For more information visit Newport Urgent Care in Newport Beach, CA or call 949-752-6300.

April is Alcohol Awareness Month

Drinking too much alcohol increases people’s risk of injuries, violence, drowning, liver disease, and some types of cancer. This April, during Alcohol Awareness Month, Newport Urgent Care encourages you to educate yourself and your loved ones about the dangers of drinking too much.

In California alone, 28% of all traffic deaths involved alcohol, and that is a 3% increase from the previous year. (Source: MADD) To spread the word and prevent alcohol abuse in our community, Newport Urgent Care is joining other organizations across the country to honor Alcohol Awareness Month.

If you are drinking too much, you can improve your health by cutting back or quitting.

Here are some strategies to help you cut back or stop drinking:

  • Limit your drinking to no more than 1 drink a day for women or 2 drinks a day for men.
  • Keep track of how much you drink.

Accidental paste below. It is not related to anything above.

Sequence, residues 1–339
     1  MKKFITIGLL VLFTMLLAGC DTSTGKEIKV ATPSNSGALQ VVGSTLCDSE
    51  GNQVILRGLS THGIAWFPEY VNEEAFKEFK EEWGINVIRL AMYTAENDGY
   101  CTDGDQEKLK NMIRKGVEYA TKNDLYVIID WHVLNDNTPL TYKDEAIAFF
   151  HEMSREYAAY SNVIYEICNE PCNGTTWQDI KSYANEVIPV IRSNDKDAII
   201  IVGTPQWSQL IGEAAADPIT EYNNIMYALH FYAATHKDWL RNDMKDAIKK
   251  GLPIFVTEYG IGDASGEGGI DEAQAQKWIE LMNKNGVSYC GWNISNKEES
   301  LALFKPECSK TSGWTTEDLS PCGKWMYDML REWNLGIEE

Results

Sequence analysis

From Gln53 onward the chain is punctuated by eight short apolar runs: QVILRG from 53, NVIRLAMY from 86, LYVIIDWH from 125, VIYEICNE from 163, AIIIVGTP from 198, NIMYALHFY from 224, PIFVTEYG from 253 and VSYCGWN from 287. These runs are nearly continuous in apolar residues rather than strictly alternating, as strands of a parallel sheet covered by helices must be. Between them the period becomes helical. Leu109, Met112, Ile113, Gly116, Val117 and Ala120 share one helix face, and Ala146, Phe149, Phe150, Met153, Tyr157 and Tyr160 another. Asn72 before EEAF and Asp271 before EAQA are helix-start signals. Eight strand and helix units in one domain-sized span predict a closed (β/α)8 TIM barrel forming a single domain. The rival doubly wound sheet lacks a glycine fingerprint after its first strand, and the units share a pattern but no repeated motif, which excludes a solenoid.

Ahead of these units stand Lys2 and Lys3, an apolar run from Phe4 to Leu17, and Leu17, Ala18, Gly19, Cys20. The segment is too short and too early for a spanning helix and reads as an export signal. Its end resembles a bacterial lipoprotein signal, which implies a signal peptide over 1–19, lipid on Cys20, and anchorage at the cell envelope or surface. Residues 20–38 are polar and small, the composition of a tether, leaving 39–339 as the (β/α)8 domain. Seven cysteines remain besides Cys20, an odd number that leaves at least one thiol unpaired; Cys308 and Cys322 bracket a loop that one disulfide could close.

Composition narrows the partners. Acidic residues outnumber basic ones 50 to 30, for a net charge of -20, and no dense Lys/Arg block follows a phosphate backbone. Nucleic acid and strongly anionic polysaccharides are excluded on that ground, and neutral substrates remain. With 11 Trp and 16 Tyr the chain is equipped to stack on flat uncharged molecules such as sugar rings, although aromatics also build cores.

• Don’t drink when you are upset.
  • Avoid places where people drink a lot.
  • Make a list of reasons not to drink.

If you are concerned about someone else’s drinking, offer to help.

For more information visit Newport Urgent Care in Newport Beach, CA or call 949-752-6300.

Alcohol Awareness Month - Take a day off from drinking this week

 

March is Colorectal Cancer Awareness Month

Colorectal cancer is the third most common cancer in the United States and a leading cause of death from cancer. Colorectal cancer affects all racial and ethnic groups and is most often found in people ages 50 and older. The best way to prevent colorectal cancer is to get screened regularly starting at age 50. There are often no signs or symptoms of colorectal cancer – that’s why it’s so important to get screened.

To increase awareness about the importance of colorectal cancer screening, Newport Urgent Care is proudly participating in Colorectal Cancer Awareness Month.

People over age 50 have the highest risk of colorectal cancer. You may also be at higher risk if you are African American, smoke, or have a family history of colorectal cancer.

Everyone can take these healthy steps to help prevent colorectal cancer:

• Get screened starting at age 50.

• Quit smoking and stay away from secondhand smoke.

• Get active and eat healthy.

For more information, visit Newport Urgent Care in Newport Beach, CA or call us at 949-752-6300.
Colorectal Cancer Awareness Month - Are you 50 or older? Time to get screened